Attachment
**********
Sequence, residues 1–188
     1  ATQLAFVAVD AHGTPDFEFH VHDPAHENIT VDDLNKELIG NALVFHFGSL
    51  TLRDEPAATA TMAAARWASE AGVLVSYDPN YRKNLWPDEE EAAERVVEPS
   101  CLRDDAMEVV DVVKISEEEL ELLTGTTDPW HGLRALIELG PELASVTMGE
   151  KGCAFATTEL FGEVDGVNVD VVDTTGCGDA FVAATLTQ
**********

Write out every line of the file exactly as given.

Sequence, residues 1–188
     1  ATQLAFVAVD AHGTPDFEFH VHDPAHENIT VDDLNKELIG NALVFHFGSL
    51  TLRDEPAATA TMAAARWASE AGVLVSYDPN YRKNLWPDEE EAAERVVEPS
   101  CLRDDAMEVV DVVKISEEEL ELLTGTTDPW HGLRALIELG PELASVTMGE
   151  KGCAFATTEL FGEVDGVNVD VVDTTGCGDA FVAATLTQ